by Noriyuki Morimoto
Deputy Prime Minister Taro Aso recently made a remark on the Japanese citizens’ general view of securities, saying “There’s a perception that investing in bonds or stocks is somewhat dangerous. It’s correct,” adding “Among my classmates, those who went on to work in securities firms were the especially dodgy ones,” openly remarking “They were doing things that amounted to fraud, or came pretty close to it.”
Mr. Aso is also the minister in charge of the Financial Services Agency, which oversees securities firms, so his comment could have been controversial. But no reaction was to be heard. It seems to have been an oddly convincing statement.
Actually, it’s no problem whatsoever that the now 76-year old Deputy Prime Minister recalls his past-day personal relations, feeling that “the dodgy ones” joined securities firms, where they did things that “amounted to fraud.”
In the high-growth era of Japan, then a sparkling star among emerging economies, the securities business thrived at the boundary of investment and speculation, as having a stronger nature of the latter.
There is a strong perception in the society that regards speculation as a sin with an anti-social aspect, as a shady activity comparable to gambling. However, for the securities business, speculation is also an important field. Liquidity is needed for a market to function in a healthy way, and bringing in speculative money is essential to ensure this.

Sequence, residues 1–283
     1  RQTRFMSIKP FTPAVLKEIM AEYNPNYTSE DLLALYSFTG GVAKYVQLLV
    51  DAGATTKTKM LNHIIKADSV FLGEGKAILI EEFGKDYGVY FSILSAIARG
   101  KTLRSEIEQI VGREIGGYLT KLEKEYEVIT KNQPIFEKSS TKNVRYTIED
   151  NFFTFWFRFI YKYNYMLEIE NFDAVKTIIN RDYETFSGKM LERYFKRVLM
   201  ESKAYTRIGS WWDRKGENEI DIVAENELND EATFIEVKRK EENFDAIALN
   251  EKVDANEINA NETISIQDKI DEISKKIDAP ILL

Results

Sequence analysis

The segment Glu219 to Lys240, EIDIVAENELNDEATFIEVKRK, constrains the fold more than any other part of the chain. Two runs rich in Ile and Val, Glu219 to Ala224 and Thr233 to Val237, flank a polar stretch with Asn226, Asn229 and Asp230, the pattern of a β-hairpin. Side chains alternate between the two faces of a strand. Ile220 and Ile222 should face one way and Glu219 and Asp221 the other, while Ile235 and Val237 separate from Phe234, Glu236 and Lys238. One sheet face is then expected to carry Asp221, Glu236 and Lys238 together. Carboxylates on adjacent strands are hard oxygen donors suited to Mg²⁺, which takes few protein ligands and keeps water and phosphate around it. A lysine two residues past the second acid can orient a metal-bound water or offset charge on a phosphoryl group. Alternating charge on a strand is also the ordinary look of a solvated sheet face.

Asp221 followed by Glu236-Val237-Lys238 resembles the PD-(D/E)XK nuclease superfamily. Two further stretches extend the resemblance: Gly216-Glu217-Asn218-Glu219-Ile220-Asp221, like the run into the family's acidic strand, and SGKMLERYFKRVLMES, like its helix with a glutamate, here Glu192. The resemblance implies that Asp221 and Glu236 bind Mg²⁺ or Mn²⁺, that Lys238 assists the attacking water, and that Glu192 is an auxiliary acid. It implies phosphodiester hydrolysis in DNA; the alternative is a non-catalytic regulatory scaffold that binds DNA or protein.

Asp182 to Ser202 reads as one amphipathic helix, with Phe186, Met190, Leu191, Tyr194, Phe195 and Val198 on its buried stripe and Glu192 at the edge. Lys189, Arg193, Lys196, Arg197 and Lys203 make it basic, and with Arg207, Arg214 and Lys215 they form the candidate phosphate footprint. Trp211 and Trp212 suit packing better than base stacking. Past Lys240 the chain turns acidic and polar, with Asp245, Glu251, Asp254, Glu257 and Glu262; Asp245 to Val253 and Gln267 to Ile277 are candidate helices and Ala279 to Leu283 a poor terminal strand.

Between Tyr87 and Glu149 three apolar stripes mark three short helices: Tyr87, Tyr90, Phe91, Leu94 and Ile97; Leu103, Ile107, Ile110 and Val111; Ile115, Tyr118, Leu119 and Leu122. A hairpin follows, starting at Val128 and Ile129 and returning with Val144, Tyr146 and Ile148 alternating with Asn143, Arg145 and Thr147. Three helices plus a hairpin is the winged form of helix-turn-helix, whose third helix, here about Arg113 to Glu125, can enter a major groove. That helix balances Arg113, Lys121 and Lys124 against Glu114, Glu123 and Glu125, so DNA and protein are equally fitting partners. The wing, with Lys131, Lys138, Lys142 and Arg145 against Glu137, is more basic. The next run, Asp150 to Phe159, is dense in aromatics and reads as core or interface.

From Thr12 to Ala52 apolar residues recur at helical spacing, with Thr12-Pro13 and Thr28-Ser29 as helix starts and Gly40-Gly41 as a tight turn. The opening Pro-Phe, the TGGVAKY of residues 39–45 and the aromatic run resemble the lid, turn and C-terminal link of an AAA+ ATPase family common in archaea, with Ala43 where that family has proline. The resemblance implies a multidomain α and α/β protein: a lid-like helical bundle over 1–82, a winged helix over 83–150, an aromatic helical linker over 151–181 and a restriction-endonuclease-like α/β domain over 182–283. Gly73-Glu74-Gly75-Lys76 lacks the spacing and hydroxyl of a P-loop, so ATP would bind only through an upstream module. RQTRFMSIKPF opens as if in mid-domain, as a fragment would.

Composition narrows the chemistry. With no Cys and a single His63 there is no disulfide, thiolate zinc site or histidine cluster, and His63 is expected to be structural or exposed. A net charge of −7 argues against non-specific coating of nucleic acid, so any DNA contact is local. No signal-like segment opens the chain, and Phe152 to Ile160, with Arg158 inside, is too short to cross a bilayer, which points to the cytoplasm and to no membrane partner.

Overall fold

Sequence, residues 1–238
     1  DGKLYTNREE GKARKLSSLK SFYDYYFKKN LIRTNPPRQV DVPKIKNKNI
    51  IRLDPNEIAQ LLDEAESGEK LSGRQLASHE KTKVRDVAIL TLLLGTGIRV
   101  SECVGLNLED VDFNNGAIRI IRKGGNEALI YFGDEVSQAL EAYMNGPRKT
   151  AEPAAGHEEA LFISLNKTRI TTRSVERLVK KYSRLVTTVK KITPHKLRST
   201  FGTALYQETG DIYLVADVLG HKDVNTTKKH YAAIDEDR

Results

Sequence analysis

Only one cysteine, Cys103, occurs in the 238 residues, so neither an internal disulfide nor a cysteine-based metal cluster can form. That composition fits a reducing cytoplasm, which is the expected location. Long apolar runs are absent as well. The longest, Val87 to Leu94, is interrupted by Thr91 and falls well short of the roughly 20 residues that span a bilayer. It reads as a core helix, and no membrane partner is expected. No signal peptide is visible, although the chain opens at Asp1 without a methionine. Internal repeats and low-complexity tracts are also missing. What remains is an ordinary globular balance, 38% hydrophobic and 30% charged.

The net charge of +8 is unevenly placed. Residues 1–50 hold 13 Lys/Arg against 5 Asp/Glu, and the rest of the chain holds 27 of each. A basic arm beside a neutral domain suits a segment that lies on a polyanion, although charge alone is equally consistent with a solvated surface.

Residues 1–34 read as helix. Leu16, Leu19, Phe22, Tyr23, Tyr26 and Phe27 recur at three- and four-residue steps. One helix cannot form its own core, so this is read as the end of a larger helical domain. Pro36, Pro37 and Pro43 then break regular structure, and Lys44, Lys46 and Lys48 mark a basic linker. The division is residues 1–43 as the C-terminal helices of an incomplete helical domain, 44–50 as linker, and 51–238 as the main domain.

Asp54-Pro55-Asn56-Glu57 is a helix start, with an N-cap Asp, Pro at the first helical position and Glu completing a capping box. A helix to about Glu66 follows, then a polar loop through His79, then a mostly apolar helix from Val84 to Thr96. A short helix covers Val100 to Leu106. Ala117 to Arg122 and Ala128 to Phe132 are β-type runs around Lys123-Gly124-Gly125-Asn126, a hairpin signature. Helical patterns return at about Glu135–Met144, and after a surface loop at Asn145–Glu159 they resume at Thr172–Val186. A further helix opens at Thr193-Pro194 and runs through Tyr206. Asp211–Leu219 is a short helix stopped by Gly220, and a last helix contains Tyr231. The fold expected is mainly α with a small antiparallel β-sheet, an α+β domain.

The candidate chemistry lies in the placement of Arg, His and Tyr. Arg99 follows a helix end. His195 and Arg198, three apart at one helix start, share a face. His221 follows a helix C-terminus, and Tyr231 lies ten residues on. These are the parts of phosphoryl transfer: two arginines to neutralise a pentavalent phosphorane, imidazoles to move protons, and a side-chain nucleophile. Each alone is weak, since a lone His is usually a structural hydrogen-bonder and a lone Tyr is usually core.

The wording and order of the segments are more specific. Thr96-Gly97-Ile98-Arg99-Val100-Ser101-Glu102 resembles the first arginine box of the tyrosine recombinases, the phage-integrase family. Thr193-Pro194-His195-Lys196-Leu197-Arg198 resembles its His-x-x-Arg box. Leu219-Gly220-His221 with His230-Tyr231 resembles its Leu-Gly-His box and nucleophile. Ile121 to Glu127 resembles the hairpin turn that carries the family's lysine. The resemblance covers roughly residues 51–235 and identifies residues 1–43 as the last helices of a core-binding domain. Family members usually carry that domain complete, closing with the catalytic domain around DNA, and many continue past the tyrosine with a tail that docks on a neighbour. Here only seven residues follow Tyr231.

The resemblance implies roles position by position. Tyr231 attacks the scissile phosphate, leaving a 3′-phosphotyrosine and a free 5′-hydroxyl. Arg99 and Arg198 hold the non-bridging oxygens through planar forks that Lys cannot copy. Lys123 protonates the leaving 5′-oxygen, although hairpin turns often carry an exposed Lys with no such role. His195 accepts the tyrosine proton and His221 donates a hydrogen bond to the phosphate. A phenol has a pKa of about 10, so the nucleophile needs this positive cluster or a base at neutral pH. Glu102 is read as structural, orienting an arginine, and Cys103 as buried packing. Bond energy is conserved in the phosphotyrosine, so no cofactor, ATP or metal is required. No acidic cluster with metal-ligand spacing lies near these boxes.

Although Mr. Aso’s remark is about a historical situation, it seems to be relevant in how it candidly addresses the speculative aspect of securities. To bring in speculative money, “dodgy ones” should have been the right human resources. Even if sales activities that “amounted to fraud” had took place, it should have been fine as long as such an approach matched the interest of speculative clients.
Soliciting speculation is to provoke the underlying gambling spirit, and it should only be natural to look like fraud from a bystander who does not have speculative interests. As for the speculative clients, pretending to be fooled by solicitation should also have been a large part of the joy of speculation.
Chief Executive Officer, HC Asset Management Co.,Ltd. Noriyuki Morimoto founded HC Asset Management in November 2002. As a pioneer investment consultant in Japan, he established the investment consulting business of Watson Wyatt K.K. (now Willis Towers Watson) in 1990.